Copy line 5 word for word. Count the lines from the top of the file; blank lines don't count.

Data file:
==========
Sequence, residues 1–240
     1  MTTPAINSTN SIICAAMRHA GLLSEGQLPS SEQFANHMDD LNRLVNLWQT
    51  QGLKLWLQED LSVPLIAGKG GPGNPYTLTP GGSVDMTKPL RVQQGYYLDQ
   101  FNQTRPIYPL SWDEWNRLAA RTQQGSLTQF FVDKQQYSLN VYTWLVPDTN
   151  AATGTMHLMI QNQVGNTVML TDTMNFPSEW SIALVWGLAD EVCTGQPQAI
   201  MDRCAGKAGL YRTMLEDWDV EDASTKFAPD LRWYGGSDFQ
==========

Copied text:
   151  AATGTMHLMI QNQVGNTVML TDTMNFPSEW SIALVWGLAD EVCTGQPQAI